‘Meanwhile in other parts of the world, events continue…’; cue solemn-faced rugby player reminding us that while the World Cup goes on millions remain hungry and requesting viewers to contribute £5.00 to tackle the issue. We have become used to sports and sports celebrities highlighting and taking on ‘good causes’ as part of the broader celebrity-based advocacy of such issues.
I am not one to automatically decry or ridicule such involvement – it can play an important role in highlighting issues and in keeping them in the public view and it can even embarrass politicians and technocrats into taking action (especially when publicity photo-ops are available!). Nor do I automatically question the bona fides, honesty or authenticity of many celebrities as they promote ‘their’ cause; part of my work is to encourage just such interest and identification.
However, in the case of the Rugby World Cup and its espousal of the issue of world hunger, I found myself intensely angry and agitated – not at the players who highlighted the issue or even at the International Rugby Board or the tournament organisers. What made me angry was that a most fundamental human right – that to food and life – has become once again, after so many decades and so many tens of thousands of words and promises (by world ‘leaders’ from across the globe), a matter of voluntary individual action in the form of cash contributions.
It is nothing short of outrageous and immoral that an issue – world hunger – that could and should have been eliminated decades ago at so little cost continues to blight the lives of some 800 million plus human beings at a time when the world has never been richer or better informed.
Its continued existence amidst the squandering of immense quantities of resources (on, for example, militaries worldwide – amounting to over $1.7 trillion in 2014 as against $30 billion per year to eradicate hunger) could readily be classed as ‘evil’.
Hunger in the world is not an ‘accident’, an unforeseen result of acts of nature over which we have little control; thanks to the work of the UN Special Rapporteur on the Right to Food and that of many non-governmental organisations we know who the hungry are (e.g. those trying to live on less than 1.5 hectares for their livelihood, seasonal agricultural labourers working on large plantations, the urban poor and many indigenous people) and in ‘normal circumstances’ when they are likely to be hungry.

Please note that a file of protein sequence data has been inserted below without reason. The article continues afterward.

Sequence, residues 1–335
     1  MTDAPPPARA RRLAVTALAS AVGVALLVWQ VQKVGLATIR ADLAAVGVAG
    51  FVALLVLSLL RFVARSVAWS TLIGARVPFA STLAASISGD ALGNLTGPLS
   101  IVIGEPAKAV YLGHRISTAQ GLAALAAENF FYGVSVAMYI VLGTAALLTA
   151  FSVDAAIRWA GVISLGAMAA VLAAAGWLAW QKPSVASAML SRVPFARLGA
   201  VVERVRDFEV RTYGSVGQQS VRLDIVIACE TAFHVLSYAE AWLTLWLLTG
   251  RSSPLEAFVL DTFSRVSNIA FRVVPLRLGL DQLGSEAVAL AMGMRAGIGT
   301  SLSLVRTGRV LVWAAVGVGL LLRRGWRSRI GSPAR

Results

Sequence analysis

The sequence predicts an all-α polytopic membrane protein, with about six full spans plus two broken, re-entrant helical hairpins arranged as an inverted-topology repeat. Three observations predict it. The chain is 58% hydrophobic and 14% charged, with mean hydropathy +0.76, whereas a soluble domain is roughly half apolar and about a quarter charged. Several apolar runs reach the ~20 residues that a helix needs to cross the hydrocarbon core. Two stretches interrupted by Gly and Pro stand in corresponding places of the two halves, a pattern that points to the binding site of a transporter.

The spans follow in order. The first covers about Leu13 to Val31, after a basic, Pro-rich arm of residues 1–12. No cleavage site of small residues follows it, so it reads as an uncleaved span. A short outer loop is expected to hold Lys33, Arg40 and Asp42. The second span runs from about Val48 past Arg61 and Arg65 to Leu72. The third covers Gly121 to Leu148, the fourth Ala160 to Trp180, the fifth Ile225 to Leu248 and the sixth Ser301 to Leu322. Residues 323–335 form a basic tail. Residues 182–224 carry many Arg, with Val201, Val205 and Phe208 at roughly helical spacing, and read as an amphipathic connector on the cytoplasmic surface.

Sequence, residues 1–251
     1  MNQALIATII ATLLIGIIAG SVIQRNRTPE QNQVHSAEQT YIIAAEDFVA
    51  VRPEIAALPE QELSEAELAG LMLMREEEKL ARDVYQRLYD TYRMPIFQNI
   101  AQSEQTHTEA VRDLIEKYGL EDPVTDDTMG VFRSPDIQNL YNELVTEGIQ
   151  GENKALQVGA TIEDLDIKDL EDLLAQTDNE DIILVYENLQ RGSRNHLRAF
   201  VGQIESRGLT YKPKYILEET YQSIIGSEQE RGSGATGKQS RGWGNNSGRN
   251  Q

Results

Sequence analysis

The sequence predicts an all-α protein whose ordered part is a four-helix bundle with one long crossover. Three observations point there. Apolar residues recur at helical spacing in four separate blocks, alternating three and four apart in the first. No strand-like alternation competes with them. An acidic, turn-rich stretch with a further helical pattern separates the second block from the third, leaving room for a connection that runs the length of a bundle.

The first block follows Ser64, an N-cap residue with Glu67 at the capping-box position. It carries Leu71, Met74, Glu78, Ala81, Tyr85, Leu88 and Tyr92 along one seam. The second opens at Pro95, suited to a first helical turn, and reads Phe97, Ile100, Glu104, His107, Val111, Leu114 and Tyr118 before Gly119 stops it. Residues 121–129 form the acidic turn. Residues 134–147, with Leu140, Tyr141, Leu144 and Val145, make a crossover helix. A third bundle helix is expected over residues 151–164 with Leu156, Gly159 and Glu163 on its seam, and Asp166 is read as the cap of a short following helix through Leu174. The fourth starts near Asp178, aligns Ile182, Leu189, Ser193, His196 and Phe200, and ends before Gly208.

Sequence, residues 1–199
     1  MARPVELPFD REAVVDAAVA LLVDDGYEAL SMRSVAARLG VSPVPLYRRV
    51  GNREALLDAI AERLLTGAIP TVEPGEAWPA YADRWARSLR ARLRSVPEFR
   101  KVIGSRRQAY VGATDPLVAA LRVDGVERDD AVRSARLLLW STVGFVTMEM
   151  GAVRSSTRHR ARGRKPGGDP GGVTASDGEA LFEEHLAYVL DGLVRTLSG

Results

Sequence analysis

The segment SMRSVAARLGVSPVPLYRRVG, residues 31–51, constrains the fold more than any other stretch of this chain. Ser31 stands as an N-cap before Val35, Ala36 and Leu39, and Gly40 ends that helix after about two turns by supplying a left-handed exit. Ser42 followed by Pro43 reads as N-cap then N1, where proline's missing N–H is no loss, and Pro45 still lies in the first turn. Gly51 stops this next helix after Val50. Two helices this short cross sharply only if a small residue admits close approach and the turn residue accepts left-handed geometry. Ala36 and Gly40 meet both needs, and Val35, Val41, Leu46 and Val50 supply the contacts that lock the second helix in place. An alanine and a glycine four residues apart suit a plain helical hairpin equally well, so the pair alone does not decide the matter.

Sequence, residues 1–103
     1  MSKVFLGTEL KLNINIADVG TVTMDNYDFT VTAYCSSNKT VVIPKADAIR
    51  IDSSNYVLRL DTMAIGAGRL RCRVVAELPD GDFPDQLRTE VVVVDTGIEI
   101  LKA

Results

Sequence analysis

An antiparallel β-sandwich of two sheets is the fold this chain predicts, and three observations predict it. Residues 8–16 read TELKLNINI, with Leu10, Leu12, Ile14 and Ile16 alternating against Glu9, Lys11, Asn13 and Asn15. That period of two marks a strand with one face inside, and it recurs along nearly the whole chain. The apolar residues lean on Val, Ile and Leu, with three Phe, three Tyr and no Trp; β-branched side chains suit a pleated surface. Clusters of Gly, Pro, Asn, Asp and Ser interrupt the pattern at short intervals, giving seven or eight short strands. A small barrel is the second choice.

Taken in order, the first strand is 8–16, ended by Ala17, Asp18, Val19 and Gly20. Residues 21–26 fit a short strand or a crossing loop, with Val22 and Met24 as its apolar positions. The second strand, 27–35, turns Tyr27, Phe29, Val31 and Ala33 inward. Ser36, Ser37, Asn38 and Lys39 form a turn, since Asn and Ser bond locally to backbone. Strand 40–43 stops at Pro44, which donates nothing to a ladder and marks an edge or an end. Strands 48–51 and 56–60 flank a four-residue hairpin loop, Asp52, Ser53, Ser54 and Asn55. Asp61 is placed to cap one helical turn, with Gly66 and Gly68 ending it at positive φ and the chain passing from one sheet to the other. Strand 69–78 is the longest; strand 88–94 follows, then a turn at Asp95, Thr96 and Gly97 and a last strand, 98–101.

We also know the primary causes of their hunger (low agricultural productivity, poverty, conflict, poor governance, unjust trade and climate change) and what interventions are best likely to resolve the issues.
The annual State of Food Insecurity in the World report published by the Food and Agriculture Organisation of the UN and the many reports of the Special Rapporteur provide a detailed analysis and agenda for action including an assessment of cost. Reducing action on hunger to voluntary individual goodwill or to the interventions of sports personalities or celebrities is a direct insult to the poor and hungry as well as a searing indictment of world ‘leaders’ over many recent decades.
How many times have we heard the refrain – ‘never again will a child go to bed hungry’?
Despite progress in reducing hunger worldwide (it has fallen by 27% since 2000), hunger levels in 52 of 117 countries analysed in the 2015 Global Hunger Index Report remain ‘serious’ (in 44 countries) or ‘alarming’ (in 8 countries) with the highest levels recorded in the Central African Republic, Chad, and Zambia. Global hunger remains a key challenge with 1 in every 9 people worldwide ‘chronically undernourished’ with more than 25% of children too short for their age due to nutritional deficiencies. Nearly half of all child deaths under the age of five are due to malnutrition, which claims the lives of about 3.1 million children per year. As the current UN Special Rapporteur put it:
‘The right to food is not about charity, but about ensuring that all people have the capacity to feed themselves in dignity’.
They should have the effective right, opportunity and resources to feed themselves and not be dependent on the charity or generosity of others.
Food is now increasingly recognised as a human right – something that governments should be made accountable for and something which national and international institutions must be challenged on. Just as genocide, torture and crimes against humanity are recognised as gross violations of human rights requiring ‘official’ action at a variety of levels, so too the right to food.
To date, only 22 countries have enshrined this right to food in their constitutions either for all citizens or for children specifically. However, the shocking reality is that no country has yet introduced and implemented legislation to implement the right and it is specifically here that those who want to eradicate hunger should focus their energy and time.
Individual donations of cash no matter how effectively used will never eradicate hunger as they fail to address its systemic causes – unjust trade, poverty, land tenure, discrimination against women etc. The Rugby World Cup is to be congratulated for highlighting the issue but the response it offers falls well below what is required; it needs to highlight the systemic and political nature of the issue and encourage its viewers to do likewise.